Oh my goodness, Shauna, Part 5 of this book, where do I start?
You write of the wrestle with people-pleasing and I nod my head.
You write of learning to have fun and play again, instead of living in constant hustle, and I utter a heart-felt, ‘Me too’.
For a number of years now I have been reflecting on my previous year and setting intentions for the year to come. In more recent years I have set aside a day to come and see my friend Amanda and go through those reflections in an intentional and structured way.
I have discovered a wonderful technique for dealing with the overwhelm of daily life. And that is asking the question ‘What’s on top?’
What is the first thing that comes to mind that is annoying you, or you just can’t shake that you need to do?
Today I took a ‘think day’ after reading a blog by Tsh Oxenrider of the Art of simple. The premise behind this day is allowing yourself space just to think about life. She quotes author Greg McKeown:
We need space to escape in order to discern the essential few from the trivial many. Unfortunately, in our time-starved era we don’t get that space by default—only by design.
I was in the middle of severe grief due to miscarriages, and I found this book called Bittersweet. I don’t recall what made me pick it up. Whether it was the picture of the crumbled chocolate on the front or the subtitle; ‘thoughts on change, grace and learning the hard way’.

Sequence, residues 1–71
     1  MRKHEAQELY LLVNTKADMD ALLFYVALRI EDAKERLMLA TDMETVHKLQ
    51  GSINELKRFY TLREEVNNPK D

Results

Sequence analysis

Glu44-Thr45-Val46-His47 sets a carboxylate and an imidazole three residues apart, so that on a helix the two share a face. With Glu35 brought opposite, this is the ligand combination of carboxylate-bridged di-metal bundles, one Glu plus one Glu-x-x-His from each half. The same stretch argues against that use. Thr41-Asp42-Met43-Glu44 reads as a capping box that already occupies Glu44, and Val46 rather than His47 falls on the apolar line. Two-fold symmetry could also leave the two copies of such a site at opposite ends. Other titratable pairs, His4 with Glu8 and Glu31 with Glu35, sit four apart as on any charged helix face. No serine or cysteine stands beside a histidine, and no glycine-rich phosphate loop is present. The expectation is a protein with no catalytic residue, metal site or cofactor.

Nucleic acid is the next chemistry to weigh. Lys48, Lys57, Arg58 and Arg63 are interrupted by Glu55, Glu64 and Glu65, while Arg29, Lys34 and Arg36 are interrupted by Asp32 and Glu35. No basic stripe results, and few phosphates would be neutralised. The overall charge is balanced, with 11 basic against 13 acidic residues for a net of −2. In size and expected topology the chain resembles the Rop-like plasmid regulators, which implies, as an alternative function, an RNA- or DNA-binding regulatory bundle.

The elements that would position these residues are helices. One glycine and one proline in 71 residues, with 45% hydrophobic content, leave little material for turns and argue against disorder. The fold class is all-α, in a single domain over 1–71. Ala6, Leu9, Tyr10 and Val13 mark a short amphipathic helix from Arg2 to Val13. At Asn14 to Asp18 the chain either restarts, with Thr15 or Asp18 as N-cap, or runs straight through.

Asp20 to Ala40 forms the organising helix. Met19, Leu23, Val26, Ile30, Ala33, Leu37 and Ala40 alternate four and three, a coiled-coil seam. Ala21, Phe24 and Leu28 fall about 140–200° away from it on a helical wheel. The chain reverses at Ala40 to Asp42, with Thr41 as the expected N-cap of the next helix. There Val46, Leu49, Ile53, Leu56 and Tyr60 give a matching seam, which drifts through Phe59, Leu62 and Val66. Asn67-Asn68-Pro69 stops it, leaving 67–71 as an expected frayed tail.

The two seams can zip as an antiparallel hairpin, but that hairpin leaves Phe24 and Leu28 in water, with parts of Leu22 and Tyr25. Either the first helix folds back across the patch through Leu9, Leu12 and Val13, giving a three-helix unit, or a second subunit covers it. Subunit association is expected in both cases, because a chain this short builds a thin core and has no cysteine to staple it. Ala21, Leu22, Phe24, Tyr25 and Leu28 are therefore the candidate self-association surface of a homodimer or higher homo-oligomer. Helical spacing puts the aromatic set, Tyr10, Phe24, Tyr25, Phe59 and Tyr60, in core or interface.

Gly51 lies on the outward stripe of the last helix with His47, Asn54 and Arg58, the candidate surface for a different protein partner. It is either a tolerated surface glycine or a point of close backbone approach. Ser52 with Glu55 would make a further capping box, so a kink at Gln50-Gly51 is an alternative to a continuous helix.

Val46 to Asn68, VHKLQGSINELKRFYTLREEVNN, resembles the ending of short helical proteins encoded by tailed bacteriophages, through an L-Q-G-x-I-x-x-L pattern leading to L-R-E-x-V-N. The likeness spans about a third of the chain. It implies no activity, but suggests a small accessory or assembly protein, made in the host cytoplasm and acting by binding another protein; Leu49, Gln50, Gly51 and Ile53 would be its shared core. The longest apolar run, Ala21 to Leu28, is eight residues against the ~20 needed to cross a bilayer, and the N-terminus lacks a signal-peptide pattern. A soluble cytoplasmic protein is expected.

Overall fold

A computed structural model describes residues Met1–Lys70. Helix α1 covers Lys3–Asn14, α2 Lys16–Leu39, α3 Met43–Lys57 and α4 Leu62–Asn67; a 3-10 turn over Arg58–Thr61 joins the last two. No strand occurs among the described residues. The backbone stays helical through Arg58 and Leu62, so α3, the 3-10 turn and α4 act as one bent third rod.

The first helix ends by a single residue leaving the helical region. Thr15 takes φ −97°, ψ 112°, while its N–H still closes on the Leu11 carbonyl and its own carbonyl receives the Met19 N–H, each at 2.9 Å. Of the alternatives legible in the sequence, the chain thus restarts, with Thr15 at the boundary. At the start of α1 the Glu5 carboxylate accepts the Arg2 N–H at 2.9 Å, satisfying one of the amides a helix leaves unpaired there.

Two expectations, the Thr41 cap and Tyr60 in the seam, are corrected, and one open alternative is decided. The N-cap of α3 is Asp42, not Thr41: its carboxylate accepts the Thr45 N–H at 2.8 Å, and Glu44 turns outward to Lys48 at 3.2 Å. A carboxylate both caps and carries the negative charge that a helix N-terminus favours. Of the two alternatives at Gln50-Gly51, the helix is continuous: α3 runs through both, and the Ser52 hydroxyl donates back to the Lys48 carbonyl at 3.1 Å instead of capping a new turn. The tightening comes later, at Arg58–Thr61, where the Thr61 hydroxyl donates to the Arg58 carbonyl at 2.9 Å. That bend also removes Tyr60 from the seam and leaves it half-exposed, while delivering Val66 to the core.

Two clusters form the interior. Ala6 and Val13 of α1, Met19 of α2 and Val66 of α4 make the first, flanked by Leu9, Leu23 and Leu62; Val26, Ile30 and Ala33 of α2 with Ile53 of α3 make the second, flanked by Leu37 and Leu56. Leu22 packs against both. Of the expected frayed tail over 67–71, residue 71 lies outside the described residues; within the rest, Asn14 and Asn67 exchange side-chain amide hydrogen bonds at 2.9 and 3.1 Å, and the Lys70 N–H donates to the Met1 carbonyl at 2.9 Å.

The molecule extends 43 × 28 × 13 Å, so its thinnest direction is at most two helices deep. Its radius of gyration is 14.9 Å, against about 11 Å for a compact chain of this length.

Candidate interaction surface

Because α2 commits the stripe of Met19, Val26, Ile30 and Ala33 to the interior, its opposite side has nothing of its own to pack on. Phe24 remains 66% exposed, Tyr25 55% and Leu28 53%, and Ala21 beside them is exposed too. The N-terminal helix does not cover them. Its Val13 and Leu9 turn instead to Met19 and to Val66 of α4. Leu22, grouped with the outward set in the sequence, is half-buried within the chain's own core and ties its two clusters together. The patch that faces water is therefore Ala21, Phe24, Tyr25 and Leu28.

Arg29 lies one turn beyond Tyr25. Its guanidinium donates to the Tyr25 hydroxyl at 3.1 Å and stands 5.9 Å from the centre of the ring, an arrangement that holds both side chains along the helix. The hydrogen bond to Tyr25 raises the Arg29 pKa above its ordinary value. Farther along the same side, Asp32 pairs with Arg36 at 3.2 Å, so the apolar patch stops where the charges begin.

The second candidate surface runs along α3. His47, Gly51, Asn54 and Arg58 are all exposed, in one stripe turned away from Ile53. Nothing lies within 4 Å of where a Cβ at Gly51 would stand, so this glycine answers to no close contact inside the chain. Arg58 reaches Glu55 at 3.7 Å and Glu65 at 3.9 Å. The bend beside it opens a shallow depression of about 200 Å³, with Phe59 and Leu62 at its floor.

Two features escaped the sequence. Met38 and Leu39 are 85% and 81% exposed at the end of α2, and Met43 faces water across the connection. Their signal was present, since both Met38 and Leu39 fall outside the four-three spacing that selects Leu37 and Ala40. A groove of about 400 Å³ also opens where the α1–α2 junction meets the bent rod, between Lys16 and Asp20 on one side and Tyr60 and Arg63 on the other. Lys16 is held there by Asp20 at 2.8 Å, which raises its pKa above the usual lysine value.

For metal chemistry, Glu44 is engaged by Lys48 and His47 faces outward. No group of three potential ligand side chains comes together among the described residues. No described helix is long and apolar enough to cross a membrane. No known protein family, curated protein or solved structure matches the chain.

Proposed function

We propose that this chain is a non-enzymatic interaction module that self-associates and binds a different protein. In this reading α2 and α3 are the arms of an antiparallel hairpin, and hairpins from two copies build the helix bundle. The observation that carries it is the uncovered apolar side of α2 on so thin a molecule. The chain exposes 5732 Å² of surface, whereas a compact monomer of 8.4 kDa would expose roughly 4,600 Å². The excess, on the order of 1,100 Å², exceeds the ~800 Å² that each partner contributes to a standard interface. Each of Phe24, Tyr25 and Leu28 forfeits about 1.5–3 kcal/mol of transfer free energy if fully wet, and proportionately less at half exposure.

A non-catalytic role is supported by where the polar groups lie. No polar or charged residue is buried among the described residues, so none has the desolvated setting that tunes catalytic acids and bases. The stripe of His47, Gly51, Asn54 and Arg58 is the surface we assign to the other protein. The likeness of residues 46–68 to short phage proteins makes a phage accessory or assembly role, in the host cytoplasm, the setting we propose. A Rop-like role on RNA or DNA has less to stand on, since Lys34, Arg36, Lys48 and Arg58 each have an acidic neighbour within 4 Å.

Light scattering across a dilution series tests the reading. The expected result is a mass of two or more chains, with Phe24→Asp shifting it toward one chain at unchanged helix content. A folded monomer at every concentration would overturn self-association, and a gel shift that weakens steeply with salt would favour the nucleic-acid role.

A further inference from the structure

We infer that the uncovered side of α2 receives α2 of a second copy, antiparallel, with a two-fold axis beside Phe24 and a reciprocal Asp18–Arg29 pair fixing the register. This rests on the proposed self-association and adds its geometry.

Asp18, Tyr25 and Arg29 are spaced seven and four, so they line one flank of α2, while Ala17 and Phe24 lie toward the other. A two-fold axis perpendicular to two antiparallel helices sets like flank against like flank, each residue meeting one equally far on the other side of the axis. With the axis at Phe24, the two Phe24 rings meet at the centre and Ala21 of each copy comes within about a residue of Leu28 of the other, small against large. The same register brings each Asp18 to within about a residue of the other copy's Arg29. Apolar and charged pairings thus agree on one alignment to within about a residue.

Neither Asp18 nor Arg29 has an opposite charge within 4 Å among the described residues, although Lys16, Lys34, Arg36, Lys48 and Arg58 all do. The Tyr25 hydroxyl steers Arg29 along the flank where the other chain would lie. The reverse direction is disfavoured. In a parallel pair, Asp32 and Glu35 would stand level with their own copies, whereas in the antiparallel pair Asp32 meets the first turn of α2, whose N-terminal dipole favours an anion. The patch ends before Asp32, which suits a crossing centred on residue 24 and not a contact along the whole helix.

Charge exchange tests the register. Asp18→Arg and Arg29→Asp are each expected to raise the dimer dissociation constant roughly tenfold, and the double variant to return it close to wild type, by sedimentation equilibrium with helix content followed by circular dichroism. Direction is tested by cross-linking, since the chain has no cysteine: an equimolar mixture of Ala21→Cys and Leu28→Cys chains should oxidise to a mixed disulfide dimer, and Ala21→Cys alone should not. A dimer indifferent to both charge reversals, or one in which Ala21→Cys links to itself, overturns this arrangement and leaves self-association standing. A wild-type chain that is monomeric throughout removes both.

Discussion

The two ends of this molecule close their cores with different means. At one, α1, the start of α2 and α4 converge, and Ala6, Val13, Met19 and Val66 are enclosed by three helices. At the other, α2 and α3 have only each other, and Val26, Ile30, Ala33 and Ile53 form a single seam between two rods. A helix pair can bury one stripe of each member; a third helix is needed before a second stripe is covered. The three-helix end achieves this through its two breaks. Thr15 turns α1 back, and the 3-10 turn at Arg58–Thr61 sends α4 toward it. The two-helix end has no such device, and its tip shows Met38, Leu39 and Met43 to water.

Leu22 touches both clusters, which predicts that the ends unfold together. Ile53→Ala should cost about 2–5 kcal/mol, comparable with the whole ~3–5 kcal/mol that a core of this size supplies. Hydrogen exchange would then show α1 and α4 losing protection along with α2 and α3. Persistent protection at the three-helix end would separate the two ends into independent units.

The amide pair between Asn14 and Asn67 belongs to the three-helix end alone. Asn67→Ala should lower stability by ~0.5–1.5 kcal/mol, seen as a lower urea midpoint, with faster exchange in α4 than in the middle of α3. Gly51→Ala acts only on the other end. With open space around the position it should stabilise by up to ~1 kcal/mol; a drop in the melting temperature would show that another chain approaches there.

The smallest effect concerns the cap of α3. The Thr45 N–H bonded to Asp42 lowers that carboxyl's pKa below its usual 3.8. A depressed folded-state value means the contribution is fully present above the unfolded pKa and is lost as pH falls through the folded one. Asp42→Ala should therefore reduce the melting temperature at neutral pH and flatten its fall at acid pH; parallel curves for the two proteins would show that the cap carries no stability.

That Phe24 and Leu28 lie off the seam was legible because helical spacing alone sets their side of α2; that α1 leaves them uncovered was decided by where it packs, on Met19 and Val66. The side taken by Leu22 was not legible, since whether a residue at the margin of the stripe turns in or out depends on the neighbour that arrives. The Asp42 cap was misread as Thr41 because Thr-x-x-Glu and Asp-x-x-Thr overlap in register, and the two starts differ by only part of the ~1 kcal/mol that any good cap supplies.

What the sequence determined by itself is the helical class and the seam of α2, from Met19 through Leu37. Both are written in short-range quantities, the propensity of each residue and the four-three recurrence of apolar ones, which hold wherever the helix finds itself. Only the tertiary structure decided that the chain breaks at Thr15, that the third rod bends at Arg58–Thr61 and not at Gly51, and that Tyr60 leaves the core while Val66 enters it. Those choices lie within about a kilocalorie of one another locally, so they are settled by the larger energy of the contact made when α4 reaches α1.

Either way, it found its way home with me. As I read it, often with tears in my eyes, I was so grateful for this author Shauna Niequist. She managed to articulate her own pain in such a way that she gave me words to express mine.
I don’t really feel the year has started properly until school kicks in … any one else like me?
So I am looking forward to school starting again next week and the return to routine.
But I am also going to be a little sad. We have 18 summers with our kids before they are adults and I want to soak up every day of each one.
Does that mean that it has all been sweetness and light over here? You have to be kidding me! But I have done some things that have kept me (and the girls) sane this holidays.
I knocked at her hotel door in floods of tears. I had spent the day touring the killing fields and torture centre of Phnom Penh. I thought I’d been doing okay.
I’d come back to the hotel and spoken with my family. I had eaten lunch and washed off the grime from the morning in the pool.
But as I sat in my hotel room vainly trying to read, I discovered an experience like that doesn’t wash off easily.